12. Antiretroviral Drugs: How HIV Medications Work

In recent years, HIV infection no longer means certain death from AIDS. This is because there are many effective drugs to fight HIV. In this lesson, see how these antiretroviral drugs work, and why they must always be used in combination instead of alone.

Antiparasitic Drugs: Types and Mechanisms

13. Antiparasitic Drugs: Types and Mechanisms

Parasites can cause nasty infections, but they are actually very similar to our own cells. In this lesson, learn about the types of drugs commonly used to eradicate eukaryotic pathogens.

Antibiotic Resistance: Definition, Types & Problems

14. Antibiotic Resistance: Definition, Types & Problems

If you have a bad bacterial infection, what do you do? Go to the doctor and get antibiotics, of course. But, what if antibiotics don't work anymore because the bacteria are antibiotic-resistant? In this lesson, learn how bacteria can become resistant to antibiotics and why this is such a big problem.

MRSA and Multi-Drug Resistant Pathogens

15. MRSA and Multi-Drug Resistant Pathogens

We've learned a lot about different kinds of antibiotics and how they work. But there are some pathogens that virtually no antibiotics work against. In this lesson, we learn about two of these pathogens, and how they threaten to take us back to a pre-antibiotic era.

Antibiotic Effectiveness: MICs, Time- and Concentration-Dependent Antibiotics

16. Antibiotic Effectiveness: MICs, Time- and Concentration-Dependent Antibiotics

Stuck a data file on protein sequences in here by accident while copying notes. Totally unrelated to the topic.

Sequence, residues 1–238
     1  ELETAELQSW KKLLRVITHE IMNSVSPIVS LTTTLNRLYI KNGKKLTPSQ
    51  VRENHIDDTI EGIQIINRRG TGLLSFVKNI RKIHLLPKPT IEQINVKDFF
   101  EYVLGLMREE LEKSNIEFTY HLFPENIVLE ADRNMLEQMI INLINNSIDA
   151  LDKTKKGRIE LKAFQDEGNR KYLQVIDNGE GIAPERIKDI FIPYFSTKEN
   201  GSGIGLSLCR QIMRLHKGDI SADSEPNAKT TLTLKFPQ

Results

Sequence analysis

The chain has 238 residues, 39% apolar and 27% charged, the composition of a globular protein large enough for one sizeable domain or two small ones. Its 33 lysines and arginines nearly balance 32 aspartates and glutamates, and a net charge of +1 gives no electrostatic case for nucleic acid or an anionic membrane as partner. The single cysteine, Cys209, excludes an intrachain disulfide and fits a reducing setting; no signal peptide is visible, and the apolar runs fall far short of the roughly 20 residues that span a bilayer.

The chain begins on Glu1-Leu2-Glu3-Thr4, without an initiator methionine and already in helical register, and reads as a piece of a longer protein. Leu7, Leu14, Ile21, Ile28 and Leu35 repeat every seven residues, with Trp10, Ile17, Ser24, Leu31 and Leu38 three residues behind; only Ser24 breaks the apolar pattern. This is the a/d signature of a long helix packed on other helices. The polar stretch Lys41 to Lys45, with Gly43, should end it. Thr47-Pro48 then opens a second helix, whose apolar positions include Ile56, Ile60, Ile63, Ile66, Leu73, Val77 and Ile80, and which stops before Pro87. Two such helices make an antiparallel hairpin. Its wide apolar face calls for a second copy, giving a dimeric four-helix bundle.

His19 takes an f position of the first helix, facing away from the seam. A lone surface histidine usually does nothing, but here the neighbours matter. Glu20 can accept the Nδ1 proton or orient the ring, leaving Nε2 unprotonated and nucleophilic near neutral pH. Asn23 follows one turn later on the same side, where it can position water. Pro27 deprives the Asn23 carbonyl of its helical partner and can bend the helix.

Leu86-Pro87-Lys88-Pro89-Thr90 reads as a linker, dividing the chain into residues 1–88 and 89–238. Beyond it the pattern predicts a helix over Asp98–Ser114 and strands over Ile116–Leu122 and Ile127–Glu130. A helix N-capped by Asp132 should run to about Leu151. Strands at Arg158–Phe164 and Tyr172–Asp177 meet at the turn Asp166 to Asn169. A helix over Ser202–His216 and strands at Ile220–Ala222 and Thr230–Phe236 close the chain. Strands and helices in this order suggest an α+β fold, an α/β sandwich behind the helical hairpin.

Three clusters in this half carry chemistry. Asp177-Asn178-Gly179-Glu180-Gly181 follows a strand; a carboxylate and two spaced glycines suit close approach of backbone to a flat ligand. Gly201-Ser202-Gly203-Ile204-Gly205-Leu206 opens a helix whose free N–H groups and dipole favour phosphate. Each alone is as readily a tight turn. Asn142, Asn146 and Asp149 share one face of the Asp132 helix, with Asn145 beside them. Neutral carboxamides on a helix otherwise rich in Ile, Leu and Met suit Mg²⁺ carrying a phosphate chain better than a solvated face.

With so many antibiotics available, not to mention so much antibiotic resistance in bacteria, how is a doctor supposed to choose which drug to prescribe? In this lesson, learn about tests to determine which antibiotics will be most effective against a microbe.

Opportunistic Infections from Antibiotic Usage: Definition & Examples

17. Opportunistic Infections from Antibiotic Usage: Definition & Examples

In this chapter, we've learned about all kinds of antibiotics and how great they are at curing bacterial infections. However, there is also a bad side to antibiotic treatment. In this lesson, learn how antibiotics can actually cause opportunistic infections.

Alexander Fleming: Discovery, Contributions & Facts

18. Alexander Fleming: Discovery, Contributions & Facts

Alexander Fleming is a notable name in biomedical research. He is credited with the discovery of penicillin, which led to the development of antibiotics for medicinal use. This article discusses Fleming and his contribution to the scientific community.

Chapter Practice Exam
Test your knowledge of this chapter with a 30 question practice chapter exam.
Not Taken
Practice Final Exam
Test your knowledge of the entire course with a 50 question practice final exam.
Not Taken

Earning College Credit

Did you know… We have over 200 college courses that prepare you to earn credit by exam that is accepted by over 1,500 colleges and universities. You can test out of the first two years of college and save thousands off your degree. Anyone can earn credit-by-exam regardless of age or education level.

To learn more, visit our Earning Credit Page

Transferring credit to the school of your choice

Not sure what college you want to attend yet? Study.com has thousands of articles about every imaginable degree, area of study and career path that can help you find the school that's right for you.

Support